Two years ago in South Korea, a woman was murdered in Gangnam. It was a senseless death that changed the landscape of feminism in South Korea. Here are the stories of the women who want to reclaim the "dirty F-word" into a language of empowerment.
Look beyond the headlines. What about the many more victims of #MeToo that don't get any headlines because the perpetrators aren't 'newsworthy'? Here is the story of what potential victims in South Korea face after they speak out in public.
#MeToo is snowballing into an unprecedented storm of discussions and criticisms about sexual harassment in South Korea. Ahn Hee-jung was the latest of 'the mighty' to fall. What questions should we be asking? What lessons should we derive from this movement?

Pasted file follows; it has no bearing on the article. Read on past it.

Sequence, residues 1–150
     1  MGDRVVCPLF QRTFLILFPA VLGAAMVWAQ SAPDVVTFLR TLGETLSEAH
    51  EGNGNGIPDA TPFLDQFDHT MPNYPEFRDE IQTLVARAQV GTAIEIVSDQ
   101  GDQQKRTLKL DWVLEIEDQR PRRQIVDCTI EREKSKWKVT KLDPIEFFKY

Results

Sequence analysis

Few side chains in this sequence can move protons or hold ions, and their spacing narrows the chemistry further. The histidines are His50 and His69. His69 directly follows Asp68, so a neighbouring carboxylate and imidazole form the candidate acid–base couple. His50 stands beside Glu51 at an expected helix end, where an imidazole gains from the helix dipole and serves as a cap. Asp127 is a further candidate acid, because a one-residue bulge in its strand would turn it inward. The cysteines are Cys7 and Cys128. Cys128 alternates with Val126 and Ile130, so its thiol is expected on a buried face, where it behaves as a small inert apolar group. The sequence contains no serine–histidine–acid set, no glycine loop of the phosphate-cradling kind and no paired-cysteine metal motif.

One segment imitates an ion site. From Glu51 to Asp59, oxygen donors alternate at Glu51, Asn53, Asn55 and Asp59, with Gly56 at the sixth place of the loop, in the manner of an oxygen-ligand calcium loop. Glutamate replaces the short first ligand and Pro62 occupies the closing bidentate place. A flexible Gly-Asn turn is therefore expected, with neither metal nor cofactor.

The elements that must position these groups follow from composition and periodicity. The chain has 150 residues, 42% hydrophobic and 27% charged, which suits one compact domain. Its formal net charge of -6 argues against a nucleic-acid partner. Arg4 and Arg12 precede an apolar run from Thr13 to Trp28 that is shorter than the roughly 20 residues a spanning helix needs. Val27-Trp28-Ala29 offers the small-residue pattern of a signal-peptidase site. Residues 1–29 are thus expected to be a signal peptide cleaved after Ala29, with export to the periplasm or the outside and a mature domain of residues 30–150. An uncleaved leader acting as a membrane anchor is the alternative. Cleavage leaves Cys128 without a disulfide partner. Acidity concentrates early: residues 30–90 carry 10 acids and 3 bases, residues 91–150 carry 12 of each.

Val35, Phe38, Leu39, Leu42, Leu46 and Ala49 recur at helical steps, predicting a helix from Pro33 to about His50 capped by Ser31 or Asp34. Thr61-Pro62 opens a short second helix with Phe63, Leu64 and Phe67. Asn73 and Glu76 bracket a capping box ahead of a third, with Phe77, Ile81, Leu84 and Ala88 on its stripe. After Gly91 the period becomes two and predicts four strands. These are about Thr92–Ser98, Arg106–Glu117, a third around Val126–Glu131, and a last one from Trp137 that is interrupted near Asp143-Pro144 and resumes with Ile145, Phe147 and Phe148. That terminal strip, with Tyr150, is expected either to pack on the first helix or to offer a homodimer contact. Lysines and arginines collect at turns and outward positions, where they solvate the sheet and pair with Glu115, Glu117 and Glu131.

Korea Exposé shares a selection of photos from Korea Women's March, held in Seoul on Mar. 4. With a progressive government in power, is the gender gap set to start closing?
An acclaimed film director was accused of sexual harrassment, by a colleague who used the hashtag #MeToo. The accused apologized and came out publicly as a lesbian, raising eyebrows at the Kevin Spacey-esque move.
Did #MeToo just start in South Korea? Well, yes and no. There hasn’t been the sort of huge, widespread hashtag…
A recent study of dating violence in Seoul revealed that 39.1 percent of women had suffered from physical violence, 54.7 percent had been victims of sexual violence, and several other shocking figures.
As the #MeToo movement gathers momentum worldwide, South Korea is adopting the hashtag campaign -- but it's an oversimplification to say it "just started."